Eric Engleman: I am not quite sure what is going on with Technorati at this point,.
Eric Enge: No, that’s fine. I’ve just started pondering it a little while ago, and it would be interesting to understand, because this notion of searching blogs or the discovery of things in blogs is interesting. You can do it through Goggle Blog Search or a tag oriented system like Technorati. Ultimately, what you want is to have a process for discovering blogs of interest, and then you want to have a process for managing blogs of interest. I am over simplifying probably, but that’s just the way I look it, the space and the various challenges of the various companies face with their strategies.
Eric Engleman: Yeah. I would say that as awareness of blogs becomes more mainstream people will turn to their current search product to find information about the categories of interest to them. We have our own blog search in Bloglines and also on Ask.com, so we see people coming to blogs that way. That’s probably one of the problems when you go mainstream is that people are accustomed to using a different product to do search, right? That’s one thing, and I think that in the case of the product where you manage your feed reading experience, all of these products now have search of some sort.
They didn’t have search three years ago; we launched our search a year ago. You now have search available within these feed reader experiences. In short, you have blog search available for major search destinations. Then, you have blog search available from within your feed reader; so makes it very difficult to be a standalone blog search index I think.
Eric Enge: Right, people don’t want to use a destination site.
Eric Engleman: Yes, it’s hard to be a destination blog search site. In our case a lot of things that people want to do with search is to search the entire index. They don’t want to search their own set of feeds, because they are constantly scanning, but they might not be able to remember a particular article. They want to be able to search around the index; and that kind of personalization is really only available from within a feed reader.
Eric Enge: Right. As you’ve talked about before, they also have the ability to subscribe to other peoples’ feed, lists. That’s an extra discovery element we can choose. What about Quick Picks?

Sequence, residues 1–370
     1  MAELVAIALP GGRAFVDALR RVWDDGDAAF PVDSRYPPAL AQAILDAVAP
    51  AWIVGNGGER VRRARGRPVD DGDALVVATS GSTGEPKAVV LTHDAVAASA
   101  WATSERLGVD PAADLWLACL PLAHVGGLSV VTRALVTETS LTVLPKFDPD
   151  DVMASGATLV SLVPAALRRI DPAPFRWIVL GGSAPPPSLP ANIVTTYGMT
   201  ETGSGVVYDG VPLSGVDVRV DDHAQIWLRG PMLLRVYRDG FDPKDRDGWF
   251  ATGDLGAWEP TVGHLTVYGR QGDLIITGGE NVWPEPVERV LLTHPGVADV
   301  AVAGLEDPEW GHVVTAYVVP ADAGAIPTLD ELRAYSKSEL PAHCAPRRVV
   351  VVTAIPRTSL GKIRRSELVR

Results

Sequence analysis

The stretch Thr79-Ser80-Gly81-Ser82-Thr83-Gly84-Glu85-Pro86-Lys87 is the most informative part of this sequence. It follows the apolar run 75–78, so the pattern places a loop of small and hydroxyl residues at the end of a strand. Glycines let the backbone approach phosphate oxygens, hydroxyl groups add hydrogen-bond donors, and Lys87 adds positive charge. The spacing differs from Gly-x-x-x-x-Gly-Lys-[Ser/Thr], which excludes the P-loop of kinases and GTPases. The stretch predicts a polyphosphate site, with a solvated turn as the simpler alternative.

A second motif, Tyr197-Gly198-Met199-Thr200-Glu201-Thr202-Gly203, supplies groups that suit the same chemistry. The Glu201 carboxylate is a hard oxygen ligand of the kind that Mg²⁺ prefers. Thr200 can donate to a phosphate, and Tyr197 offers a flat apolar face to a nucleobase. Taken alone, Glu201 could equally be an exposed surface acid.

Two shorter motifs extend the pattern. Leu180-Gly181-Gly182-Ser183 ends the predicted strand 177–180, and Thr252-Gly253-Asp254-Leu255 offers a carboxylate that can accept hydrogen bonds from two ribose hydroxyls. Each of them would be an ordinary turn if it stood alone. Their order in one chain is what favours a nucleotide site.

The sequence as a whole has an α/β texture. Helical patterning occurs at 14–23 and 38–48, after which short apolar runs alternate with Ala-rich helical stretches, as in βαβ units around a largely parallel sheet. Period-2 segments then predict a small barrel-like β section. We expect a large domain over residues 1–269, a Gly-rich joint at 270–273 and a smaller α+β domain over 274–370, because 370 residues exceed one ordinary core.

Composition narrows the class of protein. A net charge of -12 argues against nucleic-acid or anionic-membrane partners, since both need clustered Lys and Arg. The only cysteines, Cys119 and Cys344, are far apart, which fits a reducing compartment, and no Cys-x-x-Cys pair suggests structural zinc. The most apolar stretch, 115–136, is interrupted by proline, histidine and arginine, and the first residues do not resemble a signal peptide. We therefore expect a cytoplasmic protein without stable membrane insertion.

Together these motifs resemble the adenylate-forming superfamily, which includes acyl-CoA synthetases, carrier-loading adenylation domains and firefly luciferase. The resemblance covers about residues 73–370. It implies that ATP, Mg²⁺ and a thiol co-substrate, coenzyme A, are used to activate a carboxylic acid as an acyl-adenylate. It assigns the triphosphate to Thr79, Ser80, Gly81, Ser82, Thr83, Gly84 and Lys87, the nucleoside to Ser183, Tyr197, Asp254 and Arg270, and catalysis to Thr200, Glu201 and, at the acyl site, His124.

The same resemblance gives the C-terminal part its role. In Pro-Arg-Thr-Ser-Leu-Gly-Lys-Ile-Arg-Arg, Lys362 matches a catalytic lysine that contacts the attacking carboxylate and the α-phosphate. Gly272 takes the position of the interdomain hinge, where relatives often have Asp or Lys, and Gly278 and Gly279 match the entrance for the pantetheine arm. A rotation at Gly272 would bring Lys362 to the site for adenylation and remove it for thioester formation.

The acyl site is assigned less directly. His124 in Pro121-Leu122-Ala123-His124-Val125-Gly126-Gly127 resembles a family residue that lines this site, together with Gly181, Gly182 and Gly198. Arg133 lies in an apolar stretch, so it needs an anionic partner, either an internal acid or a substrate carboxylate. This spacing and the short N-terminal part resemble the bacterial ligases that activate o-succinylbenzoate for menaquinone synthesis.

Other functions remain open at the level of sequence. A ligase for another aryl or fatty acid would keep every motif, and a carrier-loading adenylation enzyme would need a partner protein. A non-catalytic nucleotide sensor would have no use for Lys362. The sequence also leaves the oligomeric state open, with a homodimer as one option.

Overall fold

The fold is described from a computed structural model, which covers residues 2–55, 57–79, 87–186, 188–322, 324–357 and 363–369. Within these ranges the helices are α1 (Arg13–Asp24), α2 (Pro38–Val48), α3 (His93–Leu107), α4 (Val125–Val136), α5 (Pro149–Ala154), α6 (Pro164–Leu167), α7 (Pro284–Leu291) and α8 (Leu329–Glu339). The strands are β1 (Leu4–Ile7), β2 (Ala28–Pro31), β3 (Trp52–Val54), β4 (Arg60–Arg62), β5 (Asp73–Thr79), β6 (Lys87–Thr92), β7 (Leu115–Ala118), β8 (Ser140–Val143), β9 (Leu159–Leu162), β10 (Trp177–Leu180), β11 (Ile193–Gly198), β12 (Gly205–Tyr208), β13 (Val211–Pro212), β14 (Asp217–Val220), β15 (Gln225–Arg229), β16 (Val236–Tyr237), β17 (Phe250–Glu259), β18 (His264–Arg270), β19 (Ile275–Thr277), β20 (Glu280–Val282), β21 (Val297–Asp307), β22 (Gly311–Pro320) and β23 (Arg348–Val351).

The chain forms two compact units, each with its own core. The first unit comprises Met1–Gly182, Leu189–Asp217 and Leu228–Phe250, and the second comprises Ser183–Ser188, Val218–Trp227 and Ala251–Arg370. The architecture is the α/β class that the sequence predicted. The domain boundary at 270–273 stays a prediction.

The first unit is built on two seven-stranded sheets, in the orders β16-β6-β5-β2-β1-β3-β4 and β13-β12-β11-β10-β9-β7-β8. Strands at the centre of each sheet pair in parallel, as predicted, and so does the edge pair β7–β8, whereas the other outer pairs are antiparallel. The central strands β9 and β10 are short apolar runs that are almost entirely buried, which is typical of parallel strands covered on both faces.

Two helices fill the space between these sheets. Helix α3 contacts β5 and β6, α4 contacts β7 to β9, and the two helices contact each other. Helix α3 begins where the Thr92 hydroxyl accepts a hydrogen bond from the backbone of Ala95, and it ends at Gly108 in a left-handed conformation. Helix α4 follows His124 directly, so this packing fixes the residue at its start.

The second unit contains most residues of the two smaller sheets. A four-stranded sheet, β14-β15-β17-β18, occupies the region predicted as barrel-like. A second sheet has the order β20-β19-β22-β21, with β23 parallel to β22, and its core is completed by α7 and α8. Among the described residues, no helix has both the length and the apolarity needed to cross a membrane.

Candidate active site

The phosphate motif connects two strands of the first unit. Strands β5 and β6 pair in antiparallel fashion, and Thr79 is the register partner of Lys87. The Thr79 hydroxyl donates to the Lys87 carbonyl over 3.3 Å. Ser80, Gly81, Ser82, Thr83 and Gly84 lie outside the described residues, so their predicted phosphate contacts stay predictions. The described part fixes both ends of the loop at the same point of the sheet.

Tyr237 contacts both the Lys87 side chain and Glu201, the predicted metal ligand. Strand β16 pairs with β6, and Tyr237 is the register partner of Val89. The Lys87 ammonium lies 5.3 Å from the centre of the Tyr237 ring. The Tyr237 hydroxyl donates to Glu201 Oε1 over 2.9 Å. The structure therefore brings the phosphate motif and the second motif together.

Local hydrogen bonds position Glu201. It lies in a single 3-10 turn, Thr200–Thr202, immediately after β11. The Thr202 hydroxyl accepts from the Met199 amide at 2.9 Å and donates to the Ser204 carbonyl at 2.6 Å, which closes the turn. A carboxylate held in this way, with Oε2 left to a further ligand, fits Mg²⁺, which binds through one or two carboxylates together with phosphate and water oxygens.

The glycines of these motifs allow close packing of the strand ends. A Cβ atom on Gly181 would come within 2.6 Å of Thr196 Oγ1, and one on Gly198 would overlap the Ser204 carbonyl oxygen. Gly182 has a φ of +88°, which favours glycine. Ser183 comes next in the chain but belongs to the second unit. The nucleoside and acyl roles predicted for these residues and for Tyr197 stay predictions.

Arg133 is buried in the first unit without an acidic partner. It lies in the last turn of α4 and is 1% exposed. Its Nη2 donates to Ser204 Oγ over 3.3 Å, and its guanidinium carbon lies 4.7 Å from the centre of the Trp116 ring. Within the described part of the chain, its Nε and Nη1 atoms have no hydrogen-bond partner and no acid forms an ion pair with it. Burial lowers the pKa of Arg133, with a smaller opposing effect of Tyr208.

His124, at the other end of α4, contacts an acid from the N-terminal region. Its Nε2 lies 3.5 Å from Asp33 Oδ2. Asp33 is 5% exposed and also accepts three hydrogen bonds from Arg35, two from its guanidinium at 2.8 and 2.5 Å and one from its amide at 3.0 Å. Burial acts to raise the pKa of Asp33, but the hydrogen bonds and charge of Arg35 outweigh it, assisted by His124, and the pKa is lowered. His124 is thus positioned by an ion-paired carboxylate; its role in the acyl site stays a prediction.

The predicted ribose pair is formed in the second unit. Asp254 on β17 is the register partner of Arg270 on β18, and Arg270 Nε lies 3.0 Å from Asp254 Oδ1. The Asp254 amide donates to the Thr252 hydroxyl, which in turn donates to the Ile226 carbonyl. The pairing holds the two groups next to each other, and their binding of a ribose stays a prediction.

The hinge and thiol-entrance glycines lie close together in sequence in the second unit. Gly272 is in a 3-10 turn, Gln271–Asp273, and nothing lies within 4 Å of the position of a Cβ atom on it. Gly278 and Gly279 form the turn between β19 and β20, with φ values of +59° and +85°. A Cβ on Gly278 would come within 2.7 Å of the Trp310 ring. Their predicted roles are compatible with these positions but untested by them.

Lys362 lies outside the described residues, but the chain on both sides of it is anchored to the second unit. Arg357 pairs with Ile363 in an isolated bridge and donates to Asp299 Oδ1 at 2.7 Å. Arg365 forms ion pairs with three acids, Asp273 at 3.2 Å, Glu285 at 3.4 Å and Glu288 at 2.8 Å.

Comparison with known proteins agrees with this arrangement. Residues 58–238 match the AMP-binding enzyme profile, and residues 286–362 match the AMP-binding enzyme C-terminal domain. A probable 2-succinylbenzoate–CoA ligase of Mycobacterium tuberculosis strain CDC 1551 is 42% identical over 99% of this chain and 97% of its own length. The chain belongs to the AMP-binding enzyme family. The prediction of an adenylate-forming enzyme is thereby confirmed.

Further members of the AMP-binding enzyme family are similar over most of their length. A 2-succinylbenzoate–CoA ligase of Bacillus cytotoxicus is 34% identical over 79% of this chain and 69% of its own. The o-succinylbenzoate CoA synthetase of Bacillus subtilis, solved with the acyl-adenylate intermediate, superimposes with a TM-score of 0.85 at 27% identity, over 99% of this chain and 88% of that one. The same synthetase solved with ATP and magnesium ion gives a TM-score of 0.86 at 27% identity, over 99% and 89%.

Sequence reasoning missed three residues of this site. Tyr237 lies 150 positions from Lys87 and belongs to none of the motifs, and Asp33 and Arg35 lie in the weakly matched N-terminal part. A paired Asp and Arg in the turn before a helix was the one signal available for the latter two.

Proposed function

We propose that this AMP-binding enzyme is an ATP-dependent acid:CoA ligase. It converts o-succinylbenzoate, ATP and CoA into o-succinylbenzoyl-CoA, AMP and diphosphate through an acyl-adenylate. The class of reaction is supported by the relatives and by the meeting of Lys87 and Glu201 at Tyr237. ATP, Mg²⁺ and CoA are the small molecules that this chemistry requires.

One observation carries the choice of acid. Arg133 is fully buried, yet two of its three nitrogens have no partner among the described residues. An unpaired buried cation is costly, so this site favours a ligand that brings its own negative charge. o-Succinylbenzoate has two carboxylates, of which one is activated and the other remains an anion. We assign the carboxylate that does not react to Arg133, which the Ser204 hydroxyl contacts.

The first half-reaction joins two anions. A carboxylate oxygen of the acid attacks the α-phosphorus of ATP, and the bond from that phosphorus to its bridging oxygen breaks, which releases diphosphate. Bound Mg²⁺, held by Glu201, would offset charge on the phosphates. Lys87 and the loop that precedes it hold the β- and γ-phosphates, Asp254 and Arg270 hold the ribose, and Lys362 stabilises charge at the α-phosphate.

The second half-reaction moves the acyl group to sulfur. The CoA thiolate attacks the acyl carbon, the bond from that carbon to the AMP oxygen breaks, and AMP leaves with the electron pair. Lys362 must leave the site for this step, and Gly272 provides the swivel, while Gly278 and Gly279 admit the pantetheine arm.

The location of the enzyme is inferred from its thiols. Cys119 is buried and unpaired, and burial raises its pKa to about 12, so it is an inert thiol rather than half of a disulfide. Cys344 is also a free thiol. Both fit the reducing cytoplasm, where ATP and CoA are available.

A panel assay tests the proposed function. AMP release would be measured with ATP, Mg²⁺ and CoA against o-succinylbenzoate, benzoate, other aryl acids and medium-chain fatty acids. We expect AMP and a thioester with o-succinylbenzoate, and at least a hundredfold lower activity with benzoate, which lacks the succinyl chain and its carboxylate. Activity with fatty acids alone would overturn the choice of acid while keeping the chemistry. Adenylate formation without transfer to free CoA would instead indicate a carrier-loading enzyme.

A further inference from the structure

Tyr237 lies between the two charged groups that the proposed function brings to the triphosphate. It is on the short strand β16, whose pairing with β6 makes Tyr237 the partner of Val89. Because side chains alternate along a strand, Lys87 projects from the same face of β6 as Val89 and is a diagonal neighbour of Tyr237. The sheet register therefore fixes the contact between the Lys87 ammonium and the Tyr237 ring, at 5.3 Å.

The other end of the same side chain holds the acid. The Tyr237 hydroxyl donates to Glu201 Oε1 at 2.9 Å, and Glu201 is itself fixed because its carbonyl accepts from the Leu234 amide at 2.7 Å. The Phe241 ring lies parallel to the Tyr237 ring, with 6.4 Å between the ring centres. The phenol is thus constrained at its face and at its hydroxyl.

Eric Engleman: We have set of default packages called the Quick Picks. They basically provide a way for people to discover say the top five or top ten blogs, or a pack of feeds within a category. That’s one of the other things I think that also makes it hard for blog search, because initially I think people were just looking for blogs to find interesting content. And now, there are all of these other ways of discovering interesting content and interesting blogs that have been packaged up within feed readers.
Eric Enge: What are the key areas you see Bloglines focusing on in the near term?
Eric Engleman: We’ll continue to focus on improving the core feed reading experience, because after all we are a feed reader, right? And, what I mean by that is making sure that people get into the flow of things. Within a video game people need to have just this perfect balance of skill and difficulty to have fun. In the case of feed reader, you need to have that balance of power and simplicity to make sure that people can read and can control their content.
That’s at the highest level, and then for us we need to balance again that, between the power user and the new user. In the case of the power user an example would be providing an API, so that they can integrate an application or modify their feed reading experience. They can change their look-and-feel for themselves or by themselves, and do that in a more of a programmatic fashion to appeal to those core users.
We also support industry and open standards like OpenID, as well as APML. Then, for the say the average user, it’s on the other extreme. Making it easier for them to understand feeds in general, and the value of feeds and how to setup feeds; how to discover feeds so that they can get value from the get go within five seconds as opposed to it being a complicated process. It’s really the two extremes; enabling our power users, and enabling our new users.
Eric Enge: Right, making it easy to get started.
Eric Enge: Right, well cool. Alright, that’s my list of questions, anything you’d like to add to the mix in terms of a general message for the audience?
Eric Engleman: Yes. We have been around for a bit now, and we are thankful to our users. We look forward to meeting you guys at different conferences or in forums or just in the bloggers sphere in general. It’s been really fun so far, meeting all the people and getting feedback on the way they use feed readers and the way they use Bloglines. Bloglines was one of the first feed readers out there, and we look forward to building the next generation of feed reading applications.
Eric Enge: Excellent. Well, thanks Eric, I think it was a good discussion.
Eric Engleman: Great. Thank you!